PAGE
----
Emily Hughes

NOTE: Full disclosure here, I was introduced to Emily Hughes when she contacted me regarding my long-suffering Grimey Studios project. I recommended her as an artist for MEA before I was a member of the same, so, I am discussing her here as a friend despite her current MEA show. That’s just fortuitous.

"Viberenergy," Emily Hughes

Alright, after a time period best described as “entirely too long,” I think we’re do a look at the work of Emily Hughes, a friendly acquaintance of mine. Emily, who’s in charge at the Logansport Art Association here in Indiana, is a fairly activist-minded, er, illustrator? Just what do you call someone who’s work is primarily drawing (charcoal, ink, colored pencil)? Draw-er just sounds weird, albeit amusing. Illustrator, though, now that sounds respectable, if inaccurate. Hmm…

"Time," Emily Hughes

Moving on, her work is line based, so any comments I have about it being strongly based on line and detail seem a bit silly, but it’s still worth noting that there is a very strong textural presence to her line-handling. Emily’s lines rarely stop and outlining, and go on to form tight, knotted swirls defining trunks, and bark, and other dense, textural areas.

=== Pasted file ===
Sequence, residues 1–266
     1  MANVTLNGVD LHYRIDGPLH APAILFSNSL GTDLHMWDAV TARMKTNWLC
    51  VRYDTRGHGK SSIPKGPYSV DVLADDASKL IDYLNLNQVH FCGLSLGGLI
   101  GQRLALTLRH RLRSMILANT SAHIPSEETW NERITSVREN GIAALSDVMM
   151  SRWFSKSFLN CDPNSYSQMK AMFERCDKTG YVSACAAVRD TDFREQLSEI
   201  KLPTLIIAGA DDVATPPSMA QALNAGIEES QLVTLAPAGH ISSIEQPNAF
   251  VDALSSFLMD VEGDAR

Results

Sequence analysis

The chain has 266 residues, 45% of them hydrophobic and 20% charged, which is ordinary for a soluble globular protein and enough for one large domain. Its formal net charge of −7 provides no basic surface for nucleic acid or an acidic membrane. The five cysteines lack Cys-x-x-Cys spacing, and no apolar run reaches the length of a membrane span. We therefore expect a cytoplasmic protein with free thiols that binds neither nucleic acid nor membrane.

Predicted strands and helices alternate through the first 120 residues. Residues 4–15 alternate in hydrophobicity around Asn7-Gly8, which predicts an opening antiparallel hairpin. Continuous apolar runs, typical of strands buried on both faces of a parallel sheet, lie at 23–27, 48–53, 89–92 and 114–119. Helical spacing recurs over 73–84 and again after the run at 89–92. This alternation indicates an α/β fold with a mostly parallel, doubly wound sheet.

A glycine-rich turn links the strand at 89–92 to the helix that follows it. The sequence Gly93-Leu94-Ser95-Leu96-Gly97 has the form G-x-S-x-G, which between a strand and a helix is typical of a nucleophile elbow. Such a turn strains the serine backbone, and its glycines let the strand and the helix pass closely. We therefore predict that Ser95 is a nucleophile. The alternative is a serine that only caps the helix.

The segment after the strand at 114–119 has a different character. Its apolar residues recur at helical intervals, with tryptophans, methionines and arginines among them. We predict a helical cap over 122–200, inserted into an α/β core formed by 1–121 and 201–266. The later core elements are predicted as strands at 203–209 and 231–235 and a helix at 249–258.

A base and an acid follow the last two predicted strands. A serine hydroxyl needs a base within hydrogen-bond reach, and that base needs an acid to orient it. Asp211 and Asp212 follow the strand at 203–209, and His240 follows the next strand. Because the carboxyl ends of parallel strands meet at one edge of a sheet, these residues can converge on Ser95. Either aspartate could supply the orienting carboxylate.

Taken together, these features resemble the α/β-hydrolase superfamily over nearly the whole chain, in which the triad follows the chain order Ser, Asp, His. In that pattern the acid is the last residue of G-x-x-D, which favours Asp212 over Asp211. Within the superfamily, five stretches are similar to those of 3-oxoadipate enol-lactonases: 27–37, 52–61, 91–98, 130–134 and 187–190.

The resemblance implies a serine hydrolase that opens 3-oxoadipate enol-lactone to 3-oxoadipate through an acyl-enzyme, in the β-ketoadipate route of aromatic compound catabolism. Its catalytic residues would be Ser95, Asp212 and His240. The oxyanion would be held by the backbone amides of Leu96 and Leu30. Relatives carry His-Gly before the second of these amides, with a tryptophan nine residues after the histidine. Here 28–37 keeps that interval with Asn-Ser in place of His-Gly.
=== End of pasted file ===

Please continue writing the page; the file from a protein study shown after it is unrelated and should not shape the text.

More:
Most of her pieces are in what she’s calling her “Tree Concentration,” the exact concept of which I intend sit down and talk with her about sometime. Overall, the series seems to work by contrasting human figures in their naked state against marshy scenes of trees and related flora. Suggestions of ensnarement (or entwinement, depending on how at peace the figure is with te interaction) crop up frequently.

"Introduction To Color," Emily Hughes

And, while so far the large, full-color piece I opened this post with appears to get the most comment and attention, I personally prefer her more muted, layered works, such as “Introduction To Color,” with it’s very limited color palette and contrasted figures and situations (not to mention the swirling textural lines and the many fine branches that keep encouraging me to pay closer attention to the technical craft that created it.)

But, whatever of her works you prefer, she is MEA‘s featured artist for this month, so any of you in the Indianapolis area (or a bit farther, if you don’t mind the drive) can see eight of her works hanging at Urban Element from now until June 4th.